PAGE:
What Comes After the ‘But’?
Why is Starbucks so successful in selling you a $4.00 cup of coffee when MacDonald’s charges $2.00?
Why does a stay at a Ritz Carlton hotel seem much different than at a stay at the Holiday Inn?
Most people today would answer that it’s all about ‘customer service’ when, in fact, they would be wrong! Both MacDonald’s and Holiday Inn offer incredible customer service. What Starbuck’s and Ritz Carlton understand is that it is about the customer EXPERIENCE!
I use the word ‘customer’ to make sure that, no matter what you do for a living, you understand that we all have internal and external customers. I would hope that everyone in your organization can define external customer. Internal customer, however, is anybody without whom we can’t do what we do every single day. This may be a paradigm shift for many of you. For example, my FedEx driver is an internal customer. If he doesn’t show up on the days that I need him to pick up my parcels, I am out of business. So, he is a vital part of what I do every day.
So here is the problem on which this blog is focused. Customer “experience” has become the new buzz word in the corporate world and I am not sure that most project management professionals really understand it. ‘Service’ is what you offer your customers—internal and external—everyday as a trained professional; it is personal and it comes from the heart. The nurse who truly cares about her patients. The 6th grade teacher who customizes her lesson plan for each student. The postal delivery person who takes time out of a busy schedule to help an elderly woman take down her Christmas decorations.
I am often asked if customer service is dead. It’s not dead, but it is just not the differentiator it used to be. While your competitors are competing on service, why wouldn’t you look to the next plateau—EXPERIENCE. Customer ‘experience’ is about considering our customers’ experiences from the minute they make contact with our organization until the minute they are done. This involves so many more people than just you.
Those organizations who purposefully examine every customer touch point—those opportunities we have to touch the customer from the parking attendant, to our on-hold message, to accounting, to our website and many more—are those who will excel at the customer experience. By driving the message of the experience through every department, people realize that, no matter their title or contribution—part time or full time—they are part of the customer experience, they start to become more engaged. A 2013 study conducted by the Gallop organization, found that only 50% of Americans were engaged at what they do every day. That means that 50% of Americans come to work for a pay check or for the security. By having everyone consider their specific customer touch point and how they can better that one experience, they automatically become more engaged at what they do and ultimately, the customer is the one who benefits. Imagine a CPA meeting with a client (touch point) and hearing about a problem that’s outside of their realm of expertise. They don’t hesitate to suggest that someone else in the firm could help with that challenge. That CPA has just engaged that client at a whole different level because of taking advantage of one simple touch point.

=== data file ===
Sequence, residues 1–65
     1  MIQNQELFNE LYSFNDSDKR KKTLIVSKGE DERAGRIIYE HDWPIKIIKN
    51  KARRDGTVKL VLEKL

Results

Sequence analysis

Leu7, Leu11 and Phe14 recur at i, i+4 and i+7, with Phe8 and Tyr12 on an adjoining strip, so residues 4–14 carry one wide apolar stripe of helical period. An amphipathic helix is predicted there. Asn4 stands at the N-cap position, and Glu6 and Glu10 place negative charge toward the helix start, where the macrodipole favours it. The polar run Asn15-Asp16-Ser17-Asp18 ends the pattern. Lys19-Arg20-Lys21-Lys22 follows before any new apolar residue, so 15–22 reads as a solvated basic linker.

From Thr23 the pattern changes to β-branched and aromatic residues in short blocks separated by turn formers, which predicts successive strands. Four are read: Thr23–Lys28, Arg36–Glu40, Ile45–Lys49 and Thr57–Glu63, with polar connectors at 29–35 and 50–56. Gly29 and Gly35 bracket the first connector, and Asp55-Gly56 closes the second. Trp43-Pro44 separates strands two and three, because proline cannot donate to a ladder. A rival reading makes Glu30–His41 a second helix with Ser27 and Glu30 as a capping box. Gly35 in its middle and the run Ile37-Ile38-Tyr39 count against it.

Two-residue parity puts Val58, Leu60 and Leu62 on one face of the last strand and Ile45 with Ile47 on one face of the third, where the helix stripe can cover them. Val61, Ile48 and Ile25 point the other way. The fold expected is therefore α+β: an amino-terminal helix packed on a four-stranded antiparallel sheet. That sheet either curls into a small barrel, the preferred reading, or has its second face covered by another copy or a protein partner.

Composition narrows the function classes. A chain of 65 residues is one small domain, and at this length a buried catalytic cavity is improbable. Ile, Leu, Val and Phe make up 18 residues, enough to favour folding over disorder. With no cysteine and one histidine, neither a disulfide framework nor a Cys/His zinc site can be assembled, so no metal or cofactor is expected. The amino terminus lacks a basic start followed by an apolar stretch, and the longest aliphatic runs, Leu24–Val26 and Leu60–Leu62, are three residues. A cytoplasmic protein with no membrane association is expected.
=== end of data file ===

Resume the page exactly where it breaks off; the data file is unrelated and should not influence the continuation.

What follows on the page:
The experience has to start with you! Because of your influence and because you touch so many different people at so many levels of the organization, you have to step up to the plate as the leader you are. It starts with you getting as many people as you can, walking around asking, “What is the (fill in the name of your organization here) experience?” Then, figure out how to shatter the stereotype of the experience customers EXPECT to have with you, your department or with your organization. Ask yourself, “What small touch point could I focus on this week that will ultimately shatter that stereotype?”
Imagine going to a new restaurant that has been touted as the best in town. You arrive at 7:50 for an 8pm reservation and are seated right on time. You go on to have the best service and possibly the best food you have ever eaten. At one point, the chef comes out to your table and explains how each of your dishes was prepared. The manager checks on you a few times. It is perfect. After dinner, you proceed to go outside, you proffer your parking ticket to the car valet and FIFTY FIVE MINUTES later your car arrives! Isn’t that part of the overall experience? Of course it is. But, let’s take this to the next step. It is now 3 months later and you have told hundreds of people to go to that new restaurant because the food is amazing and the service is outstanding. Then, you finish with one word. BUT! “…BUT your car will take forever to get to you after dinner.”
What’s this got to do with YOUR profession? Everything! The minute we get our people asking “What comes after the but?” is the minute we start to become 100% customer-centric. “They are the nicest people to work with BUT they always are late on delivery”. “You should call my lawyer because she is great BUT she charges too much.”. They are amazing care givers to my Mom BUT the place smells terrible. We need to examine every touch point and imagine what the customer might say. To start to make a shift from service to experience, begin by examining those touch points and see the world through THEIR eyes not yours.